Why I no longer make New Year’s Resolutions


If you make new year’s resolutions and keep them, this post may not be for you. If you are in the 80% who make them but have trouble keeping them, keep reading. Every year making resolutions reminds me of that Naked Eyes song of the 80’s.


You made me promises promises You knew you'd never keep Promises promises Why do I believe


While I may be showing my age, the reality is that resolutions are hard to keep. The word itself is very demanding and tends to lead to failure and possible depression and negative view of ourselves.


Some of the most common resolutions are as follows:

1. Be less stressed

2. Get out of debt

3. Lose weight/gain muscle

4. Eat healthy


I have always found this time of the year full of hope and promise of what could be. I think that is natural. Often by January 16th I had given up on my new goals and felt like a failure. Like many others I would beat myself up for failing one more year. There are several problems with this.


1. My thinking is based on a bad assumption.

It assumes that there are special times to change our behavior or begin something new. It is magical thinking. The reality is that change can happen whenever. You don’t need a new year, new month, new week or even a new day to start. What matters most is that you start.


I also sometimes hear people say, “I wish I had chose ________ as my new year’s goal. Next year that’s what I will do.” When we think there is a magic time for goals, we limit ourselves. This kind of thinking doesn’t allow for grace, self-forgiveness, learning, or readjusting. If you feel like you should have a different goal, change it.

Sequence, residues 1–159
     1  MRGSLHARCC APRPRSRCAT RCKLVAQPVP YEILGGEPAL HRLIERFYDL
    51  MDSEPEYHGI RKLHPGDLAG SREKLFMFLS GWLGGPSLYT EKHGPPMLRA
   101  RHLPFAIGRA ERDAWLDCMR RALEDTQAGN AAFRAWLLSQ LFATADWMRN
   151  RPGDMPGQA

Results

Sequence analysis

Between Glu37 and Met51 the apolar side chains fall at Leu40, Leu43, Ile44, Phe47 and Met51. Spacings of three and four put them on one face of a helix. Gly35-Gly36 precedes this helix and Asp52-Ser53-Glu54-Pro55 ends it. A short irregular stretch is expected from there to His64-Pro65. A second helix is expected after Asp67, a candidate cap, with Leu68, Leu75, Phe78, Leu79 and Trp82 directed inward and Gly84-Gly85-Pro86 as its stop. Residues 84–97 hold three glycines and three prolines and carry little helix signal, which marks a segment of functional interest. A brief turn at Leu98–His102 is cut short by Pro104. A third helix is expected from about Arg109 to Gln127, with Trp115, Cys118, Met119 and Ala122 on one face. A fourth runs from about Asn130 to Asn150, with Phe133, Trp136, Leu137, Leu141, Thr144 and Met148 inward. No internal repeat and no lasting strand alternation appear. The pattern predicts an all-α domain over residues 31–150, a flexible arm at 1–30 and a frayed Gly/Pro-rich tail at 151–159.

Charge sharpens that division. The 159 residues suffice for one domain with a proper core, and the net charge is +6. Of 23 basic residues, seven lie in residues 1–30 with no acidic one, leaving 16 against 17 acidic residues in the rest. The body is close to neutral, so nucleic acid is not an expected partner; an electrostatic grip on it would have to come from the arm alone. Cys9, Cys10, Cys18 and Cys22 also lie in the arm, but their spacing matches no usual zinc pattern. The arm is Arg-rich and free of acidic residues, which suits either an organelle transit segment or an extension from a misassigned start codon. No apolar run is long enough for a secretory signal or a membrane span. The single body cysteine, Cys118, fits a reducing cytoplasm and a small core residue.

2. My goals are often too lofty.

A resolution is a demanding thing. “I resolve that I will….” This tends to lead to some “mountain top goal” if you are me. It needs to be something worthy of my resolve. I have learned that it works better for me to set intentions. An intention is a smaller step toward something that may be larger. It is more achievable and realistic.


A resolution: I will get healthy and lose 50lbs.

An intention: I will increase hydration to my body by drinking 32 ounces today.

3. Resolutions focus on what is wrong with me or my life. It is a negative way of thinking about myself and often yields negative results.


Most resolutions force us to think about what is wrong with us. I get that the goal is to better ourselves, so why shouldn’t that include being better to ourselves. We are human and we will mess up. How we treat ourselves matters. It affects how we feel about ourselves, treat others, and etc. The University of California, Berkeley did a study that showed that the kinder we treated ourselves, the kinder we treated others. This research led to a book on the topic (Self-Compassion: The Proven Power of Being Kind to Yourself, Dr. Kristin Nueff).


Intentions focuses on making choices that bring you more joy and peace. It focuses on welcoming and keeping the good into your life, while still allowing you to better yourself. There is an emphasis on self-kindness and self-encouragement which studies also show are more effective than beating up or berating ourselves. In addition, as you feel better about yourself, you are more likely to see and appreciate your progress. You will be more likely to add intentions and keep them.


So what do you intend to do today, tomorrow or this year?

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